What a lovely church trip, RR. We are still being fairly Covid-cautious, but are also out and about a bit and doing more (I've just had my 9th CEV Covid jab!). The kneelers are beautiful. I'm sure I came across an ancestor in my family tree who was a 'hassock maker', but typically can't find him right now. We were on the sea front at Aldeburgh earlier today ... in a cool sea fret (having gone in search of butterflies ... some chance!). The sun has come out again now, but it was good to see Timothy (in a recent post) all dressed up for the cooler moments that can still catch us out in May!

Ragged Robin said...

Caroline Gill - Thanks so much. I am still being cautious too e.g. only rarely go in supermarkets and that is just for one thing! Must admit being in a pub having a meal that break made me slightly nervous! But I am doing a lot more than I was! Still wear a mask where there are a lot of people even though I get strange looks! I do like the different patterns on kneelers in churches. Sorry there weren't many butterflies about at Aldeburgh - it still seems cool to me for May. We've had a few species of butterfly in the garden at home but not many so far.

Rosie said...

Such a lovely church, both inside and out. It's always extra special when you know you have family connections with a church and can think about them being there and how it would have looked and felt for them when they entered the building. I like all the small features, the carved faces, the poignant memorials and in the churchyard the steps in the wall and the iron kissing gate. How timeless it all looks:)

Ragged Robin said...

Rosie - Thanks so much and I agree it does all seem timeless. It was very quiet there. It is only a small hamlet so no idea where great great grandfather lived although family history information suggests a place called Lady Grove but I couldn't see a cottage there with that name - there again house names can change.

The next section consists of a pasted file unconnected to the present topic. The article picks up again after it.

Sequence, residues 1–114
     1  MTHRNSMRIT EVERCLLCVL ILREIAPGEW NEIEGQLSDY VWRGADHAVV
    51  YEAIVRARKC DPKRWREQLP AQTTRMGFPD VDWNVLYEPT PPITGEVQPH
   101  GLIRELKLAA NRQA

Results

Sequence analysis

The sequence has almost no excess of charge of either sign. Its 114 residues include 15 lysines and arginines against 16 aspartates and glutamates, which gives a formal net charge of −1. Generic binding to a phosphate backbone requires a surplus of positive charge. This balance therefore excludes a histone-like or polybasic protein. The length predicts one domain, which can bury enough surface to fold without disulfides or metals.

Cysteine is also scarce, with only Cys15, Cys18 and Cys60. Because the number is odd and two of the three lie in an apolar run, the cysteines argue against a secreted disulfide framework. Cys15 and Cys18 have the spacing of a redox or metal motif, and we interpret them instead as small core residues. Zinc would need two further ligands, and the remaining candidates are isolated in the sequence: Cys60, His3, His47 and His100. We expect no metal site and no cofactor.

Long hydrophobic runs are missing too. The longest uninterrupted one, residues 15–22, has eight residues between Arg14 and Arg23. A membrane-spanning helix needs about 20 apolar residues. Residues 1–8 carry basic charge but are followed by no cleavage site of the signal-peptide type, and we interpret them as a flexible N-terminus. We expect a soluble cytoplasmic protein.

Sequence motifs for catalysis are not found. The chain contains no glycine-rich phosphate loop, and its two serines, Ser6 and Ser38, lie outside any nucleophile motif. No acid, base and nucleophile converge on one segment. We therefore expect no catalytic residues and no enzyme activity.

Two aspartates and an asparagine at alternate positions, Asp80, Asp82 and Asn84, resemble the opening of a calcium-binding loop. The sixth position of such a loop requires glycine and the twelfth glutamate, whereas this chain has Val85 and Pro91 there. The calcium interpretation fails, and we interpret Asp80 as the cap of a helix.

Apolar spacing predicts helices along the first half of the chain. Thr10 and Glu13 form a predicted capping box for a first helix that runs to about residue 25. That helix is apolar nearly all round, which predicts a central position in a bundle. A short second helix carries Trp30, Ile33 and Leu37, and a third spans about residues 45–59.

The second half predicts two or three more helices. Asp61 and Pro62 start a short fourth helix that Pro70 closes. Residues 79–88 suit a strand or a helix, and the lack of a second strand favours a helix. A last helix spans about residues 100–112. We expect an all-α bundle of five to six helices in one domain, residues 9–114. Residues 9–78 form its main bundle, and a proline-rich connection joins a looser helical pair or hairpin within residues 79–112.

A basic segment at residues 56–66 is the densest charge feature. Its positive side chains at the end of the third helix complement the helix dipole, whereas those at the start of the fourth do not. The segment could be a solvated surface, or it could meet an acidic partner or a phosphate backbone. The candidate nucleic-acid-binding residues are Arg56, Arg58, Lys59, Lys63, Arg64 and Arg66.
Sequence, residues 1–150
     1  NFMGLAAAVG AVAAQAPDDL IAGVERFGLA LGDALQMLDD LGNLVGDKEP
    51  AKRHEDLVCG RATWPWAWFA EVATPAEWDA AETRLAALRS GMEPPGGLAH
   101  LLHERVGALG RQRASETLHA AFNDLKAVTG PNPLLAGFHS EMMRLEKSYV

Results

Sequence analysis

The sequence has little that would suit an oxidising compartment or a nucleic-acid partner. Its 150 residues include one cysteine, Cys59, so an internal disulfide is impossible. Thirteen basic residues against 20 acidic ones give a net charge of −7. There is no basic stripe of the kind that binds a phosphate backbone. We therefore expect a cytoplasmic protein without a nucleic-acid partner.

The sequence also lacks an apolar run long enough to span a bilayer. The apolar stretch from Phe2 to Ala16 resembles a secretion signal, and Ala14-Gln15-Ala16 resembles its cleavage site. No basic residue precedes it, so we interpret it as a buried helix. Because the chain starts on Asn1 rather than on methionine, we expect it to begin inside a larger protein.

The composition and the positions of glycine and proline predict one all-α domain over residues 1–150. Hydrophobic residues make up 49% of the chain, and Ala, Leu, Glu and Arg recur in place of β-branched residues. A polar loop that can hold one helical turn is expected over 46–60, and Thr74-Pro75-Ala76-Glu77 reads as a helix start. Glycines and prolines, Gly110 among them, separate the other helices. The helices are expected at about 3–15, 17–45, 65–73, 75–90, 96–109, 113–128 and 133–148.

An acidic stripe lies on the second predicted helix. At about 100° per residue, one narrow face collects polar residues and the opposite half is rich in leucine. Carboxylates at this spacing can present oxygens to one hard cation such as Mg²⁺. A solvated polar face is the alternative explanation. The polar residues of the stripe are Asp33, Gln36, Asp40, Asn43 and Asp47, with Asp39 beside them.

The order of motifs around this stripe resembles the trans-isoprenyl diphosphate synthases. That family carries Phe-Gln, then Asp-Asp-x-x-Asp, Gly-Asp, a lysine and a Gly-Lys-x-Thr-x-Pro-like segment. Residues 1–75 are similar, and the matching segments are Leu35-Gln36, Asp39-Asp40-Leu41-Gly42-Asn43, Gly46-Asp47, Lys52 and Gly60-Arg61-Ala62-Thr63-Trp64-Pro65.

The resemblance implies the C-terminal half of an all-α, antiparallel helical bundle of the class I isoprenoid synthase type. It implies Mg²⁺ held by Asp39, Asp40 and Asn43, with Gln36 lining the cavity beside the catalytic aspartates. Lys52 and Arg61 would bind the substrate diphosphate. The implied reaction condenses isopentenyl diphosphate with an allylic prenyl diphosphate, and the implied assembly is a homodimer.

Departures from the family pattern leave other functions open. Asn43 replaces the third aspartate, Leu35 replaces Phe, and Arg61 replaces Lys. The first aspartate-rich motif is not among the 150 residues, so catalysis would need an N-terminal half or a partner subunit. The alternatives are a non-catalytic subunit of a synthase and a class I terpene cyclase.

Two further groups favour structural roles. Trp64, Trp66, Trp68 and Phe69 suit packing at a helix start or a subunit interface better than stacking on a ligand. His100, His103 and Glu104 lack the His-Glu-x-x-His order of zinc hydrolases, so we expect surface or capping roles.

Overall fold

Rustic Pumpkin said...

A lovely church to record. I guess those of us who are still in a post Covid frame of mind have to make the decision to cautiously rejoin the human race or stay put. If only people showed some respect for everyone else in light of what we all went through.

Ragged Robin said...

Rustic Pumpkin - Thanks so much. I still get very nervous in small spaces where there are many people and you hardly see anyone wearing a mask anymore.

The Quacks of Life said...

Ooh that looks an interesting building. Is it me but herefordshire churches often look higgledy piggledy outside?

Ragged Robin said...

The Quacks of Life -Thanks so much and I agree they do! But some are so very interesting :)

The Wessex Reiver said...

Have you ever found your ancestor Noah's grave? A fey years ago we went to look for Julies great grandfather in Charminster near Dorchester, only one grave remained upright under an ancient yew - and yes, it was him.

Ragged Robin said...

The Wessex Reiver - Thanks so much. I haven't found Noah's grave Andrew but must admit I haven't looked. I seem to remember from family history info he's buried in a cemetery in Hereford. I do my know grandmother's parents and brother are buried at Burford Church - the Church Warden offered to show me and that is a meeting I must arrange - naughtily I have put it off. So pleased that Jules found her great grandfather's grave. I think finding graves and seeing houses or areas where ancestors lived helps bring meaning to family trees.